6
$\begingroup$

Let $\mathbb{R}^\mathbb{N}$ denote the vector space over $\mathbb{R}$ of sequences of real numbers, with multiplication and addition defined by component. It's well-known that though the subspace $\mathbb{R}^\infty$ of sequences with only a finite number of nonzero terms has a basis $\mathbf{e}_1 = (1, 0, 0, 0, \ldots), \mathbf{e}_2 = (0, 1, 0, 0, \ldots)$, this is not a basis of $\mathbb{R}^\mathbb{N}$ (expressing the constant sequence $(1, 1, 1, \ldots)$ would require an infinite sum $\mathbf{e}_1 + \mathbf{e}_2 + \mathbf{e}_3 + \cdots$, and infinite sums in generic vector spaces are undefined). It's also been proved that the statement that all vector spaces have a basis is equivalent to the axiom of choice.

I'm interested, though, in the specific space $\mathbb{R}^\mathbb{N}$. Has it been proved that a basis for this set requires the axiom of choice and cannot be described explicitly? This isn't a homework question or anything; I'm just curious.

$\endgroup$
4
  • 2
    $\begingroup$ The axiom of choice is an axiom about all sets – even those that are unimaginably big and complicated. So I would not expect that a fact about one particular set implies the axiom of choice in full generality. $\endgroup$ – Zhen Lin Nov 26 '20 at 23:57
  • 2
    $\begingroup$ @ZhenLin Note that there's some disagreement between the title and body. To the OP, the existence of a Hamel basis for $\mathbb{R}^\mathbb{N}$ as an $\mathbb{R}$-vector space is not $\mathsf{ZF}$-provable but also does not imply $\mathsf{AC}$ over $\mathsf{ZF}$. The latter fact is a quick forcing argument: given a countable model $M$ of $\mathsf{ZFC}$ we can get a symmetric extension $N$ which agrees with $M$ up to rank $\omega+2$ but in which choice fails. The former takes a trick; if I recall correctly, fixing an appropriately simple bijection $\mathbb{R}^\mathbb{N}\equiv\mathbb{R}$ (cont'd) $\endgroup$ – Noah Schweber Nov 27 '20 at 0:13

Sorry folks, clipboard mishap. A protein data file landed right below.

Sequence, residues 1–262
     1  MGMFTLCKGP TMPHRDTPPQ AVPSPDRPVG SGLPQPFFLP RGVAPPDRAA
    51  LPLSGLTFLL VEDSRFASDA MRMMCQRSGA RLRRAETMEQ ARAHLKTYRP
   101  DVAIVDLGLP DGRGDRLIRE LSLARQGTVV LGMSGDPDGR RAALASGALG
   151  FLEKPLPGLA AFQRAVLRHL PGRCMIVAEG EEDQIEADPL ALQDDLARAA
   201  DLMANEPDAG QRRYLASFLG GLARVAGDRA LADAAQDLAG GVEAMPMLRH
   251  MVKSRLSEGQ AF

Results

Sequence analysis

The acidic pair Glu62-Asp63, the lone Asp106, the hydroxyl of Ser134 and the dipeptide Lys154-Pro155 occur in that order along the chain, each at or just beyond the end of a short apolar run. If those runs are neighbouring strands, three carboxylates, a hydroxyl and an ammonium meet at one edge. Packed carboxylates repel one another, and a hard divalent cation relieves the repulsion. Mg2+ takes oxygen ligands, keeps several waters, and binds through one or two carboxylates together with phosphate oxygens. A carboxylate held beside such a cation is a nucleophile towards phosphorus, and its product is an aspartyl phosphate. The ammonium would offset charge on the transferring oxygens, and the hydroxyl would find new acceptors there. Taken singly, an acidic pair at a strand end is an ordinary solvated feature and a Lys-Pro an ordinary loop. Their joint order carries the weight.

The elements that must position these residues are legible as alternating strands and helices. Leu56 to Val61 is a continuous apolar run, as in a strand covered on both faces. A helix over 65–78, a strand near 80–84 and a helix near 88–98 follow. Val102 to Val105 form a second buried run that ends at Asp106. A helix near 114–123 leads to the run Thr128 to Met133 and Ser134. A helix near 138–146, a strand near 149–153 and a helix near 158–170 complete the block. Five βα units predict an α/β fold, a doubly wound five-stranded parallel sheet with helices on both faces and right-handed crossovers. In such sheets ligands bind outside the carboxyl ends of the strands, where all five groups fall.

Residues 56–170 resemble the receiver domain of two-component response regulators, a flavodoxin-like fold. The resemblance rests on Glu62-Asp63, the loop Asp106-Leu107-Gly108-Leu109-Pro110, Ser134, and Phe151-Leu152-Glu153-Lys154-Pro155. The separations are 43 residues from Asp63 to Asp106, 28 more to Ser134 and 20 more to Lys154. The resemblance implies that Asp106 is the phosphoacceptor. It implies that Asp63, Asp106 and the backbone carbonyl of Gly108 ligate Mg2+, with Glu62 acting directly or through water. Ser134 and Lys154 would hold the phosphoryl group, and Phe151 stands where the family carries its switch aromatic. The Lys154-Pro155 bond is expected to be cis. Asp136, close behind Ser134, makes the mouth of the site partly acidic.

• $\begingroup$ we show in $\mathsf{ZF}$ that a basis for $\mathbb{R}^\mathbb{N}$ must not have the Baire property when ported along that bijection. $\endgroup$ – Noah Schweber Nov 27 '20 at 0:14
  • $\begingroup$ I daresay that math.stackexchange.com/questions/1972321/… and math.stackexchange.com/questions/122571/… combine to a complete answer here. (See also math.stackexchange.com/questions/linked/122571 and math.stackexchange.com/questions/122857/… as very relevant threads.) $\endgroup$ – Asaf Karagila Nov 27 '20 at 0:31
3
$\begingroup$

No single concrete set admitting a certain property would imply the axiom of choice. Period. The axiom of choice is a global statement, and statements about a set with a certain property are local (I'm not talking about a global statement, e.g. "For every set $A$, $A\times X$ can be well-ordered" implies the axiom of choice for any fixed set $X$, that's cheating).

We can always have the axiom of choice failing, as badly as we want it to fail, while the real numbers, and every set that you would ever cared about, can be well-ordered so that all vector spaces "that matter" have a basis. In other words, the axiom of choice is a global statement, so its negation is not about one set. It's about the existence of a counterexample.

(We actually don't even know if there is a field $F$ such that "All vector spaces over $F$ have a basis" implies the axiom of choice; speaking of global statements disguised as local statements.)

On the other hand, it is consistent that every set of reals has the Baire property, which implies that every linear $T\colon\Bbb{R^N\to R^N}$ is continuous. Alas, being a separable space, there can only be $2^{\aleph_0}$ continuous functions; but we can easily show that a basis of $\Bbb{R^N}$ must have size $2^{\aleph_0}$ as well, and therefore there would be $2^{2^{\aleph_0}}$ linear functions just induced by permutations of such a basis. And so, indeed, if all sets of reals have the Baire property, no basis for $\Bbb{R^N}$ can exist.

$\endgroup$

Your Answer

By clicking “Post Your Answer”, you agree to our terms of service, privacy policy and cookie policy

Not the answer you're looking for? Browse other questions tagged or ask your own question.